Many designers I have worked with have used the Golden Ratio to inform the layouts of their designs…
Irene Au
31

Thanks for your answer!

It looks like Twitter no longer adheres to the ratio in the desktop UI (it comes out to about ~2.0 in this case). By their own admission, it’s only used at the smallest width, so it should be seen as more of a lower limit of usability and not a ratio that is ideal for all browser window sizes.

My hunch on what’s really going on here is that, to establish visual hierarchy, the hierarchy is most clear when the secondary column is about half the width of the primary column (or gives that impression, at least). Humans in their perceptions probably overestimate the size of small objects and underestimate the side of large objects in relation to each other(need source). So perhaps the Golden Ratio is a manifestation of this cognitive bias and is the ratio where the first smaller area appears to be about half the size even though it’s more than half.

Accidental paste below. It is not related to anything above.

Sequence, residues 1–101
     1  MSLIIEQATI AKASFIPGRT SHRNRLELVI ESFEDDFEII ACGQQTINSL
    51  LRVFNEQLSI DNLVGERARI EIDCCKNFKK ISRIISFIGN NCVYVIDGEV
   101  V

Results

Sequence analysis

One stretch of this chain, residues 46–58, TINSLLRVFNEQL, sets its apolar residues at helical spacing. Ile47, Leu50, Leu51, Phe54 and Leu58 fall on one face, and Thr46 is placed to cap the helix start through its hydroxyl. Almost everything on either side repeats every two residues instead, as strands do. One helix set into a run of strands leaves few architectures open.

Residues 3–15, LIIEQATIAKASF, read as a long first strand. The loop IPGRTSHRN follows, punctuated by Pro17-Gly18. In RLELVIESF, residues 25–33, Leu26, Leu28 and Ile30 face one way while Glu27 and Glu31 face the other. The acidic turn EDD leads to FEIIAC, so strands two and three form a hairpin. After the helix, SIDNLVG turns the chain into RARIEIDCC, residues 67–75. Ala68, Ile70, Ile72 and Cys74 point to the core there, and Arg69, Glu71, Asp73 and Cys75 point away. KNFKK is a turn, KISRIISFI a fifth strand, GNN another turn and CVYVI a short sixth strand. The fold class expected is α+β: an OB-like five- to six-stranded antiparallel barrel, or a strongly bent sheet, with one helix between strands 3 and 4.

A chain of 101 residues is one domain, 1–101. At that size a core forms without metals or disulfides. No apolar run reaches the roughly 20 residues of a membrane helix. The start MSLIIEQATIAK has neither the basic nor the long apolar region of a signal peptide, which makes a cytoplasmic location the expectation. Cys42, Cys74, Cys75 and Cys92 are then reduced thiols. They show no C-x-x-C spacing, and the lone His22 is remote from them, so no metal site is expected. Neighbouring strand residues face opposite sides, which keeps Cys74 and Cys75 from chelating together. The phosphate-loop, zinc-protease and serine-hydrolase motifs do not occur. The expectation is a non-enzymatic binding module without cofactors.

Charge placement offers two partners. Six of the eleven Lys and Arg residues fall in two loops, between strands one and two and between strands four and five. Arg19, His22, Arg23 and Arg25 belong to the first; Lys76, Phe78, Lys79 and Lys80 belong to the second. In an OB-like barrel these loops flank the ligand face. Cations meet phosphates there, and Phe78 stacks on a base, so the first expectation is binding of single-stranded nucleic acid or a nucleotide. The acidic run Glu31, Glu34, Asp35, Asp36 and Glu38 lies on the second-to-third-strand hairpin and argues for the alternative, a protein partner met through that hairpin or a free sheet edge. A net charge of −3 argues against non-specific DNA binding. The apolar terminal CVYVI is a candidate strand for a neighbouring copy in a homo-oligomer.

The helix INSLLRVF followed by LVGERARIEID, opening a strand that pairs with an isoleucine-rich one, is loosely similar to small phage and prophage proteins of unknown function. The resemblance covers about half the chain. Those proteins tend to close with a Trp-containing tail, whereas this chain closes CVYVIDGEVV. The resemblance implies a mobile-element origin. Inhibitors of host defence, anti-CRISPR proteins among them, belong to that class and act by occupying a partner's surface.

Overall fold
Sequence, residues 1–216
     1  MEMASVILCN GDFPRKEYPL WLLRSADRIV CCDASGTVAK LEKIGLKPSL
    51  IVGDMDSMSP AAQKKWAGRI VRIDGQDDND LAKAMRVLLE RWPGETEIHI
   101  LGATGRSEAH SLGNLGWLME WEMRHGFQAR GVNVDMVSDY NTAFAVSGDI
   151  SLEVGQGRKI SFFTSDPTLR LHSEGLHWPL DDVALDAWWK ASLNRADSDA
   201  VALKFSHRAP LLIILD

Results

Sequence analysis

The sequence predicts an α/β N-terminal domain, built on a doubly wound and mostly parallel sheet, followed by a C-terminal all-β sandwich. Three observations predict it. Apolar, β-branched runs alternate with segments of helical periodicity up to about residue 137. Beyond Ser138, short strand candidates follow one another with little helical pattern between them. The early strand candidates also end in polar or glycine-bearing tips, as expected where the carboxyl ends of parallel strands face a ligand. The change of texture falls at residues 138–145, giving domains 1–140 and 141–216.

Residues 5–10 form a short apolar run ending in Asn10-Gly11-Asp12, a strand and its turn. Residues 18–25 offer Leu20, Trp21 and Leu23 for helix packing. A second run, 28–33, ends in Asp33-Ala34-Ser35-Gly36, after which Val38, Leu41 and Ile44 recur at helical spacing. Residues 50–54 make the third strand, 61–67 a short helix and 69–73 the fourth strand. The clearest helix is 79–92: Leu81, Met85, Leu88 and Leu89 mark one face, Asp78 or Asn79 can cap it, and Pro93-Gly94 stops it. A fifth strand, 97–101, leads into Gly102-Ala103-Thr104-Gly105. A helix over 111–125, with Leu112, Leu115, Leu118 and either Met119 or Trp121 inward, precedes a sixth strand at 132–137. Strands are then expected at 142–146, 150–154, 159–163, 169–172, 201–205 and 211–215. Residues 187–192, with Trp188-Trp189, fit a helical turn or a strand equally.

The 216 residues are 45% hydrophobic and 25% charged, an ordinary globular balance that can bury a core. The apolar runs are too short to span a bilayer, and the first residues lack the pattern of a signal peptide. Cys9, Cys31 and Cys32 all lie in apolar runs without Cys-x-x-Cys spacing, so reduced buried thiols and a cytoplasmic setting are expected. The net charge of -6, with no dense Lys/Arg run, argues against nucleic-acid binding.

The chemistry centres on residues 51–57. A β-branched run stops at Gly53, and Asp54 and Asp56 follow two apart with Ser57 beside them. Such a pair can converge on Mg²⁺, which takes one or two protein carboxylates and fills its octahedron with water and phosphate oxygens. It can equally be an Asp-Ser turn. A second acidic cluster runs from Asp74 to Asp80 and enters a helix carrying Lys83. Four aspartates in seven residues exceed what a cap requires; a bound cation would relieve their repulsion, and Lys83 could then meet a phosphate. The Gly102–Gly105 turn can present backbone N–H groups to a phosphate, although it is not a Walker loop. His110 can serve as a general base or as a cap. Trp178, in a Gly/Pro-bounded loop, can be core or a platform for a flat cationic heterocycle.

Twitter seems to be following the heuristic of about ~70 character line width for optimal readability. (I count 78 characters in the first visible tweet).

One clap, two clap, three clap, forty?

By clapping more or less, you can signal to us which stories really stand out.